Problem

Violence

Other Names:
Inter-species violence
Intra-species violence
Nature:

Violence is defined by the World Health Organization as "the intentional use of physical force or power, threatened or actual, against oneself, another person, or against a group or community, which either results in or has a high likelihood of resulting in injury, death, psychological harm, maldevelopment, or deprivation," although the group acknowledges that the inclusion of "the use of power" in its definition expands on the conventional understanding of the word.

Globally, violence resulted in the deaths of an estimated 1.28 million people in 2013 up from 1.13 million in 1990. Of the deaths in 2013, roughly 842,000 were attributed to self-harm (suicide), 405,000 to interpersonal violence, and 31,000 to collective violence (war) and legal intervention. In Africa, out of every 100,000 people, each year an estimated 60.9 die a violent death. Corlin, past president of the American Medical Association said: "The United States leads the world—in the rate at which its children die from firearms." He concluded: "Gun violence is a threat to the public health of our country." For each single death due to violence, there are dozens of hospitalizations, hundreds of emergency department visits, and thousands of doctors' appointments. Furthermore, violence often has lifelong consequences for physical and mental health and social functioning and can slow economic and social development.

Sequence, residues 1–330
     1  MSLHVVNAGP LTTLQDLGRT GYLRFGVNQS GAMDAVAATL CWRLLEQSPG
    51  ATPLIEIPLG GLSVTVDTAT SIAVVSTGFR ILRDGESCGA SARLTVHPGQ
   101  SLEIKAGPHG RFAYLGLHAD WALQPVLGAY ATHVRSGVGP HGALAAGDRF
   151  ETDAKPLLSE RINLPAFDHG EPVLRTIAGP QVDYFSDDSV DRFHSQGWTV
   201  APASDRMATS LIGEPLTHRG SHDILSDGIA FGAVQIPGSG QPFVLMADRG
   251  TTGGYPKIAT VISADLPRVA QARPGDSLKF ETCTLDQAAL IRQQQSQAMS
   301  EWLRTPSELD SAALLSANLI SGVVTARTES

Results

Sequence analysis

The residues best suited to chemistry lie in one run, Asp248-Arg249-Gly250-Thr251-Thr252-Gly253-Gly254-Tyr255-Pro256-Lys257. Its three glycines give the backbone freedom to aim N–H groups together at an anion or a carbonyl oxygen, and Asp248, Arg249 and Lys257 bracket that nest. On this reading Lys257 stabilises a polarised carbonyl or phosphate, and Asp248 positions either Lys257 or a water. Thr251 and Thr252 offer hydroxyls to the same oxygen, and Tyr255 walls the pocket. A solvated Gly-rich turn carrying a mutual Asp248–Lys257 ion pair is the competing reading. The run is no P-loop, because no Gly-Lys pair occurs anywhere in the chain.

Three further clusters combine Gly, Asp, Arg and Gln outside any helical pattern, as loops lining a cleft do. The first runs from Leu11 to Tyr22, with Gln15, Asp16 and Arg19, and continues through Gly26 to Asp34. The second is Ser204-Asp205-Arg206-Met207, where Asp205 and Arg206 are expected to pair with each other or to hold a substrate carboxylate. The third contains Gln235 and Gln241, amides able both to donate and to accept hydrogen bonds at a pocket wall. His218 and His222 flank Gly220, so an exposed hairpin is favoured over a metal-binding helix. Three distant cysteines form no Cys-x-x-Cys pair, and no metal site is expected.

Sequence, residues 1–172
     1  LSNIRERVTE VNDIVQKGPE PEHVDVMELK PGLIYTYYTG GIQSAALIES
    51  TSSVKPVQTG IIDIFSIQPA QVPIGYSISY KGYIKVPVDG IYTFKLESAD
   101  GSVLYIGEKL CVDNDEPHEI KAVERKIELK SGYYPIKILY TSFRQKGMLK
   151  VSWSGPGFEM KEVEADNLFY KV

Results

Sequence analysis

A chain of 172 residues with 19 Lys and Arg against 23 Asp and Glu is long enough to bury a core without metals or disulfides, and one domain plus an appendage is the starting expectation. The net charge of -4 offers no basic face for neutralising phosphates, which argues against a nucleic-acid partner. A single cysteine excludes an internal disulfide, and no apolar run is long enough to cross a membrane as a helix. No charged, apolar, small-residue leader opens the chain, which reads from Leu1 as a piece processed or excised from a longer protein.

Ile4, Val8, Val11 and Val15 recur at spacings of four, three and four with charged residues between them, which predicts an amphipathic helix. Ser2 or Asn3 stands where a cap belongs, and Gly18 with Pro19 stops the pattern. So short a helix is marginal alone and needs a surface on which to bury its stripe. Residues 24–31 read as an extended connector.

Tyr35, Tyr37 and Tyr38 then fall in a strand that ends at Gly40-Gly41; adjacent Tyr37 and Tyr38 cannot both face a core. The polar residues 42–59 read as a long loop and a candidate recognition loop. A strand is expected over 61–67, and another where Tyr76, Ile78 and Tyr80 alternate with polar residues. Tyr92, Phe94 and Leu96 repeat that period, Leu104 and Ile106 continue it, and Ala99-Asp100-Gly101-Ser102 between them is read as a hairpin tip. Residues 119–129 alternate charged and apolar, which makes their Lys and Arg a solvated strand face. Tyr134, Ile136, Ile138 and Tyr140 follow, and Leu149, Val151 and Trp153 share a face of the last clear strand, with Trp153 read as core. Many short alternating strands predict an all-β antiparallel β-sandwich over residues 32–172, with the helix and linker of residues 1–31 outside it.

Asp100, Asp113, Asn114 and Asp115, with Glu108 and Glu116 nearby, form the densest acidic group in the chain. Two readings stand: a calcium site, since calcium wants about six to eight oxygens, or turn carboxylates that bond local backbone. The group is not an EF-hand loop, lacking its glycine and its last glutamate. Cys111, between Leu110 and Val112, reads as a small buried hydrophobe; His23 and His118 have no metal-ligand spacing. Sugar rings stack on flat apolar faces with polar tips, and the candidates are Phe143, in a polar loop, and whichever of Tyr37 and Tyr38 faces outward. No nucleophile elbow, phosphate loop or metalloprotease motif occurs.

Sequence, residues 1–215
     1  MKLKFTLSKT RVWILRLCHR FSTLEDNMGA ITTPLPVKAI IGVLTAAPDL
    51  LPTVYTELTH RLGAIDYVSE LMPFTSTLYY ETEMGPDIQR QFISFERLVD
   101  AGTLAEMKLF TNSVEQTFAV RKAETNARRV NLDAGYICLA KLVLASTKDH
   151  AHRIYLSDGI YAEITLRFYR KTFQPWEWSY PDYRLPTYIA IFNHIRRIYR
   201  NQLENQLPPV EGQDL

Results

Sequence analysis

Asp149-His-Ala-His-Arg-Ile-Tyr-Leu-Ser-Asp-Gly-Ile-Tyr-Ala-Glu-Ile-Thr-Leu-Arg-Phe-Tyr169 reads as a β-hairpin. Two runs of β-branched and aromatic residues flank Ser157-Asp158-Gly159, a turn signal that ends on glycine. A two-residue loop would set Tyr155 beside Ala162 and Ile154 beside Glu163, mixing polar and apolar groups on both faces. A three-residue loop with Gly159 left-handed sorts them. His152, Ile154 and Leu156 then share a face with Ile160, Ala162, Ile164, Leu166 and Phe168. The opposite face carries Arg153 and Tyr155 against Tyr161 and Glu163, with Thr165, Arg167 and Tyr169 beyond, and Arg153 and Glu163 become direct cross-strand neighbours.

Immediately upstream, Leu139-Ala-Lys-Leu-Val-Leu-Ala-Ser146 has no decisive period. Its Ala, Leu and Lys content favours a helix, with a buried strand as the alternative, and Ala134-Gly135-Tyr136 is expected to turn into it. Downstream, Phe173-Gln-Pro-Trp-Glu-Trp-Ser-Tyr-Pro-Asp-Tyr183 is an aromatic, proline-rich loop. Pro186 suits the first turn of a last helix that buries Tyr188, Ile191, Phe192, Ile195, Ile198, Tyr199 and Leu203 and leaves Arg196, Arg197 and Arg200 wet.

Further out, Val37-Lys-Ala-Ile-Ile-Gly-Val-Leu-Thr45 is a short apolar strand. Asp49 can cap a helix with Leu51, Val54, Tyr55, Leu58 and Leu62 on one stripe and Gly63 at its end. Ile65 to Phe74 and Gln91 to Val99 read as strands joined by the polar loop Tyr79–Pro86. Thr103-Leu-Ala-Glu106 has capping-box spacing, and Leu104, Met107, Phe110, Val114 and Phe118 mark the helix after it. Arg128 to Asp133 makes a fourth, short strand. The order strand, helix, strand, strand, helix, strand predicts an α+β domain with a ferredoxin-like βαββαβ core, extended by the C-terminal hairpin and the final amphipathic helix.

In 2013, assault by firearm was the leading cause of death due to interpersonal violence, with 180,000 such deaths estimated to have occurred. The same year, assault by sharp object resulted in roughly 114,000 deaths, with a remaining 110,000 deaths from personal violence being attributed to other causes.

Violence in many forms is preventable. There is a strong relationship between levels of violence and modifiable factors such as concentrated poverty, income and gender inequality, the harmful use of alcohol, and the absence of safe, stable, and nurturing relationships between children and parents. Strategies addressing the underlying causes of violence can be effective in preventing violence.

Claim:
It has not yet been determined why chimpanzees, genetically the closest relative of man, under some conditions live peacefully and at other times practice murderous genocidal and cannibalistic "warfare". Chimpanzees do engage in predation of other species, and it is therefore an open question how far this kind of violence is related to their intra-specific violence; particularly since they often eat the other chimpanzees that they kill. The exact interplay of innate violent predispositions, ecology, resource competition, mate competition, predation and territoriality are not yet understood.
Counter Claim:
Although fighting occurs widely throughout animals species, only a few cases of destructive intra-species fighting between organized groups of have ever been reported among naturally living species, and none of these involve the use of tools designed to be weapons. Normal predatory feeding upon other species cannot be equated with intra-species violence. Warfare is a peculiarly human phenomenon and does not occur in other animals.
Narrower Problems:
Human violence
Aggravates:
Fear
Strategies:
Reducing violence
Problem Type:
A: Abstract Fundamental Problems
Date of last update
01.01.2000 – 00:00 CET